Being close to people, no matter what: why we are going to work inside the camp
The past weeks we shared with you our dilemma of whether or not we should work within the gates of the new camp. The decision was very difficult, because working in the camp would somehow make us part of the system of an inhumane migration policy that we do not support.
Local care system overburdened
At the moment the need for care in the camp is enormous. The hospital in Mytilini is overburdened, in part due to COVID. It cannot handle the additional pressure, which in turn impacts the ability to sufficiently help residents of the camp. This is unacceptable: medical care is a human right that can be denied to no one. We will do everything in our power to prevent this.
Regardless of the circumstances, offering the best possible medical care to refugees will remain our most important mission. In order to do this, we need to be close to the people. This also means being literally close, by way of our mobile clinic. Only this way we can continue to guarantee the quality of our care. In our opinion, timely and appropriate access to our new work area weighs up against the question of being located inside or outside the gates.
Poor living conditions
At the moment a new section of the medical area is being set up. We are the first medical organization to be present in this new area; our brand-new working area is still surrounded by excavation machines and construction materials. Hopefully this week will see the arrival of the iso-boxes, so that we can build a waiting area and a sheltered and covered space for the triage, to provide protection against weather influences.
The past days have seen a lot of extreme winds. The north-western sea-wind hits the camp full-on and is extremely cold. Fortunately, it hasn’t rained yet, but the wind makes is difficult to work in an open space. Not to mention what it is like to have to live in a tent under these weather circumstances.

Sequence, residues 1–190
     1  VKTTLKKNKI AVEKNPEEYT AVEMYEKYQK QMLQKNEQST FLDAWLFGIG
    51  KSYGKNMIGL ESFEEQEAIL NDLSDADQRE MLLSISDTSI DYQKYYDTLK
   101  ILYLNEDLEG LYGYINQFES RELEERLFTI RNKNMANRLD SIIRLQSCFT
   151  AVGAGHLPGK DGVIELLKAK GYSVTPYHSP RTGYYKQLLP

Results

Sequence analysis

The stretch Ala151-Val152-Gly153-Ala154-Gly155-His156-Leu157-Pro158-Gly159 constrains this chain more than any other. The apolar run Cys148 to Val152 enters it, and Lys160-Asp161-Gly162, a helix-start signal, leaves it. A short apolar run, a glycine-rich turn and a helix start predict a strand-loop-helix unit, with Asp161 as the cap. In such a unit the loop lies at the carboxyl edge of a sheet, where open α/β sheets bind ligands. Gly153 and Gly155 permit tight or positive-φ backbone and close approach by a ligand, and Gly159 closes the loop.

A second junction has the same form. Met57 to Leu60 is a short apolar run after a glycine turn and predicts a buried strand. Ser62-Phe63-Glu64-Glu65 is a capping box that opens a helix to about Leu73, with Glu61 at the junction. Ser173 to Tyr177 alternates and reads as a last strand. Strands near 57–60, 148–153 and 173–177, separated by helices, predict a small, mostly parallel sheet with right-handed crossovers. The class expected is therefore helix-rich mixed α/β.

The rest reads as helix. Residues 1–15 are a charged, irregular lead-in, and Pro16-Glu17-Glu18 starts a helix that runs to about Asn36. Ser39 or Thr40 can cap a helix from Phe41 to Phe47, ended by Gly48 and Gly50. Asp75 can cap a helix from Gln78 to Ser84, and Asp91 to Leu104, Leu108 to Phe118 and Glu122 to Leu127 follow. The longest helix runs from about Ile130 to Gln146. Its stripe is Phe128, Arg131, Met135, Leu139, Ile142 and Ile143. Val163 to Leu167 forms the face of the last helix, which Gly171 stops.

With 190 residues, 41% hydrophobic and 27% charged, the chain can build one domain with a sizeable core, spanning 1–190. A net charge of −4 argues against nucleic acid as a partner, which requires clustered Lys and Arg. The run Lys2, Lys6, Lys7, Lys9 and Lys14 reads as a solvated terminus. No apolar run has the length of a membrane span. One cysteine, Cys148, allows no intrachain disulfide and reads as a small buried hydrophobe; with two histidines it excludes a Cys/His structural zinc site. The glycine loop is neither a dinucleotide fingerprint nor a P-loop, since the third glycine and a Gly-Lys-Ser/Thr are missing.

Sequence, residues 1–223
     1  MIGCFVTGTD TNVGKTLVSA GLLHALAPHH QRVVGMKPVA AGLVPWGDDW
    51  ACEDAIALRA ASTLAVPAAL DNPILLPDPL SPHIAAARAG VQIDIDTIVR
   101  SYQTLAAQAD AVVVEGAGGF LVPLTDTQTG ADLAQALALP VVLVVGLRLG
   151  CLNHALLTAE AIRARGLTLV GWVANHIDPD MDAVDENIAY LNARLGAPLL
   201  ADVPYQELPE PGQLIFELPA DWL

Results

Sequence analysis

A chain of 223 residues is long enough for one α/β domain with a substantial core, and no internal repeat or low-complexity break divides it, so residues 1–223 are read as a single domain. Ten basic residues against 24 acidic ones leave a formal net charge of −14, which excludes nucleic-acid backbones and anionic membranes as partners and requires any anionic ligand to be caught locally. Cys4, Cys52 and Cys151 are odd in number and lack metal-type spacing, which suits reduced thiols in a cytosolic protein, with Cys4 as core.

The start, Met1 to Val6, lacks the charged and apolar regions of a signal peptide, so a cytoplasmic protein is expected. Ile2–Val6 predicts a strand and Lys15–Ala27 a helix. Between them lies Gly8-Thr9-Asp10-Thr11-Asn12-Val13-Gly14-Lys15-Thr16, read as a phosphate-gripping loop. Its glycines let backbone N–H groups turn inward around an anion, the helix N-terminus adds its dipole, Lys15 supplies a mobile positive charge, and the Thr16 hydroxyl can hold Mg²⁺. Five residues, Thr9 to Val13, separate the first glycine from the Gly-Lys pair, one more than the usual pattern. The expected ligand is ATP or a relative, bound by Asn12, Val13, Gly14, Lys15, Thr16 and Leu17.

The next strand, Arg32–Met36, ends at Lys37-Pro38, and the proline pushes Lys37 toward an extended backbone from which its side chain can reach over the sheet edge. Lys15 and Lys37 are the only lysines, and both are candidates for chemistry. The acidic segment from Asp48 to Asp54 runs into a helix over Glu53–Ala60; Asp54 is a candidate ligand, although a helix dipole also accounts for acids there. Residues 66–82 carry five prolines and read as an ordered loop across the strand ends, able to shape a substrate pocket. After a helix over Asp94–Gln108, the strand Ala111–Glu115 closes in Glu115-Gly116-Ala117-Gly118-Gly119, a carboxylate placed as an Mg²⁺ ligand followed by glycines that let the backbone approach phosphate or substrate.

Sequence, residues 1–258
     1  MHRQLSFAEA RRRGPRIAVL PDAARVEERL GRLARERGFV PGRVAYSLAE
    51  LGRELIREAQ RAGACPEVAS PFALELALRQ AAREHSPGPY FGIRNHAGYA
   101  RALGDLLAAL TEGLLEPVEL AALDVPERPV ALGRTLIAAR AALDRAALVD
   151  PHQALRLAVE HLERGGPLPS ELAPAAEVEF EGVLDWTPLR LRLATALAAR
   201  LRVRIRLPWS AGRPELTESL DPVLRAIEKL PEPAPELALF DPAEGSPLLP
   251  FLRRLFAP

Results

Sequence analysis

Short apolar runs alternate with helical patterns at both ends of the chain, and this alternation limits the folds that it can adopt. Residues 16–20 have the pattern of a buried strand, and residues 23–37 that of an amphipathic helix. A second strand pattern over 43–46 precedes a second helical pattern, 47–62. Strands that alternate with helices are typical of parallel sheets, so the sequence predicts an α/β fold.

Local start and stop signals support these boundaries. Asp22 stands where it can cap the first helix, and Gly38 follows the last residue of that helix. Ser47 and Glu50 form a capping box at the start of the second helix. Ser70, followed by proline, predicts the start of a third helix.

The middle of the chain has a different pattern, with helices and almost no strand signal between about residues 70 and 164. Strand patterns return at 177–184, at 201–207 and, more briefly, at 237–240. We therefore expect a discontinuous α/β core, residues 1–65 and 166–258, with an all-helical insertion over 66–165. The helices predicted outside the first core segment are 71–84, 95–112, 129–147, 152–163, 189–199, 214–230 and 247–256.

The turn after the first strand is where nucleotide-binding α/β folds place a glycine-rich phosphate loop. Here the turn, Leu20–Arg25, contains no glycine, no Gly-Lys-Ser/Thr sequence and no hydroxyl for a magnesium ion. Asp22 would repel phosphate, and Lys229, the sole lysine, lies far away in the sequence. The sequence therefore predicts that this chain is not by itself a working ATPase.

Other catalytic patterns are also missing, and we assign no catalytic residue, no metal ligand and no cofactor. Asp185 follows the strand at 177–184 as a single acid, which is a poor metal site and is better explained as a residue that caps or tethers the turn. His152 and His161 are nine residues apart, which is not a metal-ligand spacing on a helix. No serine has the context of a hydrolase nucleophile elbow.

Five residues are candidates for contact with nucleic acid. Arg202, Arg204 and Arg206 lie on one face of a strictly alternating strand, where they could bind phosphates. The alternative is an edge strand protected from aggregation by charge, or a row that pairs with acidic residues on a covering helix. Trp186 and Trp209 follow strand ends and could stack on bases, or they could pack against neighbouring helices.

Deploying our expertise
After all, we took the difficult decision to recommence our work inside the medical area of the new camp. Hopefully we will be able to start in two weeks. As in the previous camp we will offer emergency care during the evening hours. Because no other medical organization offers (emergency) care in the evening, this is the gap that we will fill.
In order to fulfil this urgent need, we are glad to deploy our expertise right there and close to the people. Particularly with emergency care, when every second counts, quick access is crucial. Because we are the only medical organization operating in the evening hours and because we have our own clinic, we can act as independently as possible. This was and still is an important condition for us.
By re-starting our emergency care, we also want to alleviate the Greek care system. The closer to the camp we can operate, the better. Due to the growing number of people in the camp, the past years have seen an increasing demand for care on the island, but hospitals have no money to expand. The entire island counts only three ambulances. These are often used for the camp, which understandably leads to frustration amongst Greek locals.
Emergency care ánd activism
We are conscious that we choose to work in a system which we actually condemn. We acknowledge this and we struggle with it. It is still our belief that the new camp is not the solution for the ongoing inhumane situation on Lesbos and the other Greek islands. That is why we will continue to advocate for relocation, evacuation and humane sheltering. As direct witnesses of the situation we will continue to speak up about the gross violation of human rights that we see and hear on a daily basis, even louder than we did before.
At the same time this doesn’t weigh up to the fact that people are being denied the right to live. That is why we believe activism cannot exist without emergency relief – and vice versa.
So we will do both: while we say a resounding NO against inhumanity, we will continue to say an equally resounding YES to compassion and standing up for human rights. We hope you will continue to battle together with us as you have always done.